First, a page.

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Socialist Social Distancing

By Valerie Milano

Los Angeles, CA (The Hollywood Times) 3/21/20 – 2019 is but a near yet distant memory. Sure, there were hard times; maybe you broke up with your partner for the millionth time, lost a parent, or got laid off from your job and took a pay cut at another 3 months later. Perhaps you had a huge blowout with your parents, and they said they never wanted to see you again or maybe, your best friend broke up with you, leaving your heart in a million pieces; more fractured than any lover could leave you.


None of the woes from 2019, could have ever prepared us for this.

Vanessa Washington and her mother, Vanessa Parker perform their own Coronavirus greeting while donning protective gear. (Matt Stone / MediaNews Group / Boston Herald)

Domino-like, the CoronaVirus, or the scientifically coined, COVID-19, has viciously swept through the nation and seemingly the world, with its threat of robbing us of a phenomenon that we have all taken for sincere granted: physical intimacy.


No, not hooking up, actually seeing people. The co-worker who you may not know their name, but you see them from time to time. You notice when they aren’t at work. You’ve possibly remembered their gaite, or recognized the sheepish smile they give when you pass each other in and out of the break room. But now, a simple Uber ride gives most Americans pause; I could become one of the infected, or worse, I wont make it out of 2020 alive.

A man wearing a face mask rides a nearly empty subway train in Beijing on Jan. 26.

Frankly, what really sucks is, as a collective we were looking forward to this year, okay? I mean, people had Great Gatsby new years eve themed parties, complete with flapper dresses and champagne coupe’s. Millions of couples planned to proclaim their love in front of family and friends and God. I had personally prepared for loving myself so fiercely, in a way I never had before and while I can still do this, many of my peers had goals of their own that they were completely owning at the tail end of 2019, only to be halted when news broke of the numbers in China’s confirmed deaths increased, and more than that, people in the US started contracting this disease, and even began to die from it.

Here we are in the close of March; most of our cities, coast to coast, even nation to nation are on a complete lock down; ‘Shelter in Place’, Quarantine, and ‘social distancing’ are the new normal phrases that we tire from hearing. Anxiety waxes and wanes like the breezes we yearn for from being inside of the house. Going a bit stir crazy; we want to hope that everything will be okay, but the truth is, we do not know. We long for normalcy, and so we continue to work from home and wear our Sundays best to answer calls on the couch. Our pets love all the newfound attention that they’re getting and some of us don’t know how we would cope without them.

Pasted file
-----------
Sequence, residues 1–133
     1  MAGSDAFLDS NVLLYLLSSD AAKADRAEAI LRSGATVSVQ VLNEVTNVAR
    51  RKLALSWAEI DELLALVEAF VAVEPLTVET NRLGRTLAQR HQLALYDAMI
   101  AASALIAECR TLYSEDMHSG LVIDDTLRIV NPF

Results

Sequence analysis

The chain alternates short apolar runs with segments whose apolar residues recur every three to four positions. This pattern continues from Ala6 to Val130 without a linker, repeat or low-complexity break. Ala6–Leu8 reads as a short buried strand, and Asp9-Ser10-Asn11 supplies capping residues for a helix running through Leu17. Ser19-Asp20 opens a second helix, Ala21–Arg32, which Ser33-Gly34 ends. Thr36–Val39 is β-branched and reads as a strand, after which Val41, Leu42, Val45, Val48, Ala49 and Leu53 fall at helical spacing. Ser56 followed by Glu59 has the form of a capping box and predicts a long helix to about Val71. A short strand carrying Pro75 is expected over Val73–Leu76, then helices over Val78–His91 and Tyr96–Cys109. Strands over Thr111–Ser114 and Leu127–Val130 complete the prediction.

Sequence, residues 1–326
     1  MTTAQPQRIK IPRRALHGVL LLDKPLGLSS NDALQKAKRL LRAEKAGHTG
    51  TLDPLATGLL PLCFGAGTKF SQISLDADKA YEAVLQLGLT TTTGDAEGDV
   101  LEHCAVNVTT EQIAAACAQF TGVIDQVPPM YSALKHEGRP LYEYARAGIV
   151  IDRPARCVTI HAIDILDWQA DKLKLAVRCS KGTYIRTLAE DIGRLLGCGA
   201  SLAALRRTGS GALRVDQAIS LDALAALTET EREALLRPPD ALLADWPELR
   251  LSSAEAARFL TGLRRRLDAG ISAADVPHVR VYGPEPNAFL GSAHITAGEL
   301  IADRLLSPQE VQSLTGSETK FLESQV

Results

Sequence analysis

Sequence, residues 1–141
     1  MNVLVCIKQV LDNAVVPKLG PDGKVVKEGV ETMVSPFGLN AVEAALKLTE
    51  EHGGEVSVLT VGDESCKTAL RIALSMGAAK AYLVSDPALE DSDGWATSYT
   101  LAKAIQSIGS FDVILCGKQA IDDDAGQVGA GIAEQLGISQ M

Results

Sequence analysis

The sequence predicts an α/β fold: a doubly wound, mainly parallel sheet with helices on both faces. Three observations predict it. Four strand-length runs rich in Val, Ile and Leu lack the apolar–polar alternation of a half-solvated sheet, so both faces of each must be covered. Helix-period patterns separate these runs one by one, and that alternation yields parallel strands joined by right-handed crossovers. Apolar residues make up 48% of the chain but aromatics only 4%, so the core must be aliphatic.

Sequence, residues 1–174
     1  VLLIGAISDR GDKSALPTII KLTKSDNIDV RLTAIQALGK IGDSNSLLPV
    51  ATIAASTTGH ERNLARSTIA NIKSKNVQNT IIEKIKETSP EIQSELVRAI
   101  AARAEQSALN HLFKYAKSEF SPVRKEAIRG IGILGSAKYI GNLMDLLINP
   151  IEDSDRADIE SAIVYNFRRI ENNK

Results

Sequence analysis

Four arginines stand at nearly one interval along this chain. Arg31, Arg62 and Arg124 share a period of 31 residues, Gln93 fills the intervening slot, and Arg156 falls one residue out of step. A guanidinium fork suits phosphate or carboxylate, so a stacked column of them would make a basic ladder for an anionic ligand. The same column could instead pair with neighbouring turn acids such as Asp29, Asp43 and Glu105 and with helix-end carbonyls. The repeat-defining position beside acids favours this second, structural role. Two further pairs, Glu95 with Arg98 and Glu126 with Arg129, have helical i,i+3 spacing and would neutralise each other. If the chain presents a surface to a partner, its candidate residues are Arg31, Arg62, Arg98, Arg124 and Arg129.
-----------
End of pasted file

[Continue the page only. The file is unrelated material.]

At Jim’s Restaurant on Mission between 20th and 21st, there were plenty of seats to choose from on Monday (Photo: Hiya Swanhuyser)

Non ‘essential’ businesses are closing, unemployment rates are some of the most disgusting numbers we’ve seen, and the marginalized and disenfranchised groups are still being forgotten; daydreaming about the ‘boring’ four walls that some Americans even now take for granted. Instead, while the working class public are told not to congregate, individuals that are directly affected by the housing crisis in big cities like LA and New York, are being mass housed in shelters; a hotbed for the virus to yet again wreak havoc through.


Parents are forced to understand their child on a level in which they should have understood already, while obtaining an incredible appreciation for teachers that emotionally, physically, and spiritually support our children for the better part of their lives.

Health officials are missing their families and putting themselves at increased risk, whilst simultaneously urging everyone to stay home. This of course results in public ego getting the better of us with tempting whispers that pridefully declare, ‘you can actually do what you want, continue going outside. Quarantine, shmorantine.


Healers and astrologists are watching the stars for what’s to come and how to prepare, while elders are watching their daily television programs, trying to enjoy yet another hurdle of this paradox called life.

The Flatten the Curve movement has recognized that social distancing is itself a privileged position. (PHOTO: DAVID RAMOS/GETTY IMAGES)

The long and short of it is, times are fucking bleak. This week alone friends of mine have been through a whirlwind of emotions. In the thick of the unknown, every single day is truly a gift and an unforeseen terror of what’s to come for the next. Lines at the gun shops across the south land are almost as long as the lines at Trader Joe’s in preparation of looting, desperate acts of violence or any other terrible reality our imaginations (anxieties) can conjur.


No matter how much the fear of COVID-19 is on everyone’s minds, there is always the other side of the spectrum to all of this where truly miraculous, beautiful moments, and awe inspiring connectivity has taken place in the midst of a circumstance that most of us have never experienced in our lifetime.‎